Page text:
Jaquira Diaz’s debut memoir Ordinary Girls is an intimate portrait of her life, from her beginnings in El Caserio, a government housing project of Puerto Rico, to her family’s migration to the streets of Miami. In four distinct sections, she provides visceral accounts of personal battles with identity, depression, and violence. But as much as the memoir is about Diaz, it is equally a story about her family—a schizophrenic mother, a drug dealer father, and a racist grandmother, who, Diaz writes, “was the first person to ever call me a nigger”—and an island marred by the legacy of colonialism. Moving swiftly from essay to essay, section to section, the stories that constitute Diaz’s real life read with the pulse of short fiction—each word, sentence, and scene is vital and vibrant, meticulous in its structure and devastating in its poignancy.
The memoir opens with a two-page manifesto of the type of girls Diaz and her friends grew up with:
We were the girls who strolled onto the blacktop on long summer days, dribbling past the boys on the court. We were the girls on the merry-go-round, laughing and laughing and letting the world spin while holding on for our lives. The girls on the swings, throwing our heads back, the wind in our hair. We were the loudmouths, the troublemakers, the practical jokers. We were the party girls, hitting clubs in booty shorts and high-top Jordans, smoking blunts on the beach. We were the wild girls who loved music and dancing. Girls who were black and brown and poor and queer. Girls who loved each other.
These girls she loves, platonically and romantically, are vital. In a beautifully depicted scene where Diaz describes the waning moments of a friend’s quinceañera, she writes, “We sang along to every song, our cheeks flushed, our curls sticking to our foreheads, the backs of our necks, our shoulders and backs glistening, and we stopped thinking about the real world, our real-world problems, who was on house arrest, whose brother had just gotten a ten-year sentence for racketeering, whose parents were living paycheck to paycheck.” It’s a rare moment of escapism. One that allows Diaz’s vivid and sensuous writing to flourish, cinematic in its rendering. And as she reflects on the memory of her girls with “music vibrating through [their] bodies, fingers to toes,” she informs the reader, “I didn’t know it yet, none of us did, but it would be these girls, these ordinary girls, who would save me.”
And she would need saving. In Diaz’s desperate need for attention, she spirals into a routine that makes her father repeatedly say, “This is not the life I want for you.” Describing herself in a holding cell for stabbing her brother, Diaz relates the frequency of her troubles. Acknowledging a cop who recognizes her from past pickup, she explains, “I was a runaway, a high school dropout, a hoodlum. I had been picked up so many times for aggravated battery, for assault, for battery on a police officer.” As she balances her own problems, Diaz bounces between the “ratty, bug-ridden, art-deco slums of South Beach” where the homes of her father and mother, who separate a couple years after arriving to Miami Beach, are located. Her father works all the time as a security guard at an apartment complex, while her mother, described earlier as having the air of Marilyn Monroe and Michelle Pfeiffer, who “owned every room she walked into,” is slowly dying of “addiction and mental illness, of loneliness, despair.”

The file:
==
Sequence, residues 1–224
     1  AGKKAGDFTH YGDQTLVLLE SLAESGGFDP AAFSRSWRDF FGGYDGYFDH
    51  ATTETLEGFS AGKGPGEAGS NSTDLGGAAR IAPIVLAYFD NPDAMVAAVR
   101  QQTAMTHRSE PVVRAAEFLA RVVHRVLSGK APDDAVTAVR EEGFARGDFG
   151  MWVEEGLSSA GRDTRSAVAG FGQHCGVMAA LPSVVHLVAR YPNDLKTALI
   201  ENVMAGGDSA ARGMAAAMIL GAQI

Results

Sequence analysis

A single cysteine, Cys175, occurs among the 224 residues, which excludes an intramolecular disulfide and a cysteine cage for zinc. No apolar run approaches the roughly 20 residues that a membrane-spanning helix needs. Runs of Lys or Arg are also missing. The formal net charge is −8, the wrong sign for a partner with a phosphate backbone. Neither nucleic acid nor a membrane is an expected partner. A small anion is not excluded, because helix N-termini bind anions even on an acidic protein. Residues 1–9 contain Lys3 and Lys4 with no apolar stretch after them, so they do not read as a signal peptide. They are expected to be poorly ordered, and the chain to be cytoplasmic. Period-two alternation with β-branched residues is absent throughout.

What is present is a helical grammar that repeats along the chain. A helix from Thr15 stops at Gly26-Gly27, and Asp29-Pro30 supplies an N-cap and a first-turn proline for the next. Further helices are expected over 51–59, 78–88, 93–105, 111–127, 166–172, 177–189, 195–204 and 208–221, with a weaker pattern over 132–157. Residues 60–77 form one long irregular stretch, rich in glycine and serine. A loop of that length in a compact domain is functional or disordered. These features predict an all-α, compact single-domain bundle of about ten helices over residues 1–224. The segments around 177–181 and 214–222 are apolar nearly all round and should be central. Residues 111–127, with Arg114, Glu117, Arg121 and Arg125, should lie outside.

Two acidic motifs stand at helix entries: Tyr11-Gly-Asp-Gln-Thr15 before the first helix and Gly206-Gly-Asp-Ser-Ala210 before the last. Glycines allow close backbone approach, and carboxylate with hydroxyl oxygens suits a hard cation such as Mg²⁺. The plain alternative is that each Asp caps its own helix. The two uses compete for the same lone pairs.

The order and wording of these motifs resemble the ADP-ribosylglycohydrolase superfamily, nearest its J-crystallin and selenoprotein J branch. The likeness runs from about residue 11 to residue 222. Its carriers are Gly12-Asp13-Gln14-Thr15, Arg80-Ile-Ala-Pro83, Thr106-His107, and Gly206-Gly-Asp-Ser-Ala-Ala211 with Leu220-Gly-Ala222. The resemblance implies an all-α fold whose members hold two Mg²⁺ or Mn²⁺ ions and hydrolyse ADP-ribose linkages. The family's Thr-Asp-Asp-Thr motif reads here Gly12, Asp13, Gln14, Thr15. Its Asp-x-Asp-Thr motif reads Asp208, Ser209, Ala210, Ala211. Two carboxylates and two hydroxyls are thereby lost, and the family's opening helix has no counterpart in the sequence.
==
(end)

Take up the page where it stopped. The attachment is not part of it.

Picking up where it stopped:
Time collapses in the memoir. Though written chronologically, Diaz liberally jumps between ages as it fits the narrative, a tapestry of linked memories. At ten, she’s almost sexually assaulted in a park; eleven she attempts suicide twice; thirteen she’s raped by a twenty-one-year-old “boyfriend”; fourteen she’s a juvenile delinquent; seventeen she’s a high school dropout and married. With her husband away for military training, Diaz burns away time on the Miami Beach strip doing drugs and jumping from club to club. She writes bluntly about it: “I was failing at life.” A shift occurs when she decides to join the military herself, a place where Diaz thrives and is “able to imagine living past eighteen.” Although she leaves early, it’s a stepping block. A spark waiting to be kindled.
Eventually Diaz finds her path toward writing, and when she graduates from the University of Central Florida in 2006, it’s the one aspect of her life she’s certain will remain in her future. For anyone who now reads her work, it’s a pleasure that it did. Mapping the complicated history of Puerto Rico alongside her efforts to claw out of a place of desolation, Ordinary Girls is a triumph of a debut. Undoubtedly a memoir that honors Diaz, her family, her friends, Puerto Rico, and Miami Beach, it’s also, as she writes, “for girls everywhere who are just like we used to be.” A lyrical and generous book, Diaz lifts the voices of ordinary girls past, present, and future.